Xiaoxiao Xu (b. 1984, China), a Netherlands-based photographer with Chinese roots, observes both East and West from a distance in order to understand her identity and the stories behind the world she lives in. In her latest monograph, ‘Watering My Horse’ (The Eriskay Connection, 2020), Xu presents a road trip of 25 000 kilometres - following the people who live along the Great Wall of China. The wall is often falsely interpreted as one continuous construction; it is rather a collection of walls and towers that were built during various Chinese dynasties.
Xu combines her own images with found materials, such as handwritten folkloric stories, pages from a hand-drawn military atlas, mixed with artifacts discovered during excavations of the wall (and described in the back of the book). Flipping the pages, we encounter the seasons to change from spring, autumn to winter in addition to the geographical location of the wall going from east to west. The chronological and geography-specific nature of the book leads to a natural sense of travelling across distant times and places.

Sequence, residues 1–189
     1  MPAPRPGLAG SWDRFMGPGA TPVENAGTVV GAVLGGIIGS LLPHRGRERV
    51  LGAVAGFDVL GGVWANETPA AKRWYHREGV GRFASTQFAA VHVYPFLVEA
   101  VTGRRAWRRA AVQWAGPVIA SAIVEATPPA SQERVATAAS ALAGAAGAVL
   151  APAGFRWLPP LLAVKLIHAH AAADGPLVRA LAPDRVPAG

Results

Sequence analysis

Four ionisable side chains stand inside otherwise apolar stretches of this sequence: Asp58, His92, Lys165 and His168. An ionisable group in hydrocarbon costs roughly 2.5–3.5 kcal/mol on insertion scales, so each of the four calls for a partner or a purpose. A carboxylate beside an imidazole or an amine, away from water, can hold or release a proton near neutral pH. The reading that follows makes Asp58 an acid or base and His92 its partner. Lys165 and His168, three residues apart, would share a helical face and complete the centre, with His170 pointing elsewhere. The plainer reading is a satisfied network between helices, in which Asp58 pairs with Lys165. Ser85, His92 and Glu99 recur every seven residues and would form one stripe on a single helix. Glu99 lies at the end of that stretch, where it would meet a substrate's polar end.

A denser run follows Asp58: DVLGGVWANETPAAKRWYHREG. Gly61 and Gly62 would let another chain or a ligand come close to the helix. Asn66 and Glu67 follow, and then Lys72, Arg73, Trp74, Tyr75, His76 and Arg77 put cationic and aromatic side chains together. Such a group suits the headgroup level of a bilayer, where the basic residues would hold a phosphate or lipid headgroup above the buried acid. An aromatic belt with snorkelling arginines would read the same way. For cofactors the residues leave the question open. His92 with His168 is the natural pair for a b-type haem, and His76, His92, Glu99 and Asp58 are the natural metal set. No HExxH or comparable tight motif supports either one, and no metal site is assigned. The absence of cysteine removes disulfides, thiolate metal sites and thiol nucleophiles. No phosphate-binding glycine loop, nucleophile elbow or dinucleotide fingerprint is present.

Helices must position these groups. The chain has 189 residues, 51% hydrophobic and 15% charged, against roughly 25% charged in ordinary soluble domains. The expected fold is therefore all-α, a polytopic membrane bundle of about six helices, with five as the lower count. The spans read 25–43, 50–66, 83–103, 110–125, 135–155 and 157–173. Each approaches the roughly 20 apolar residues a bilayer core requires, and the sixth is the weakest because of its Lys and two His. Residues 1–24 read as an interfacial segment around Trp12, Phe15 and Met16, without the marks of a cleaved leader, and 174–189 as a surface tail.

Shepherding, Shehuo, Qingming Festival and funerals. Xu presents them in a sincere and tender way while pointing to their gradual disappearance. Different layers interplay – the intimate and daily lives of people who live by the wall, their traditions, the myths surrounding the construction and the history of the place. Additionally, the deliberate choice of paper and printing evokes a natural and earthy feel from the book.
Xu’s perspective of the Chinese Wall strips the construction off laden meanings and presents it, alternatively, as something less defined. Next to folk tales and descriptions of traditions, ‘Watering My Horse’ also contains an essay by writer and art historian Maria-Caterina Bellinetti. She writes: “The loneliness, the tears, the stones, and the relics force us to confront the assumption of the mythical, everlasting nature of the Wall.”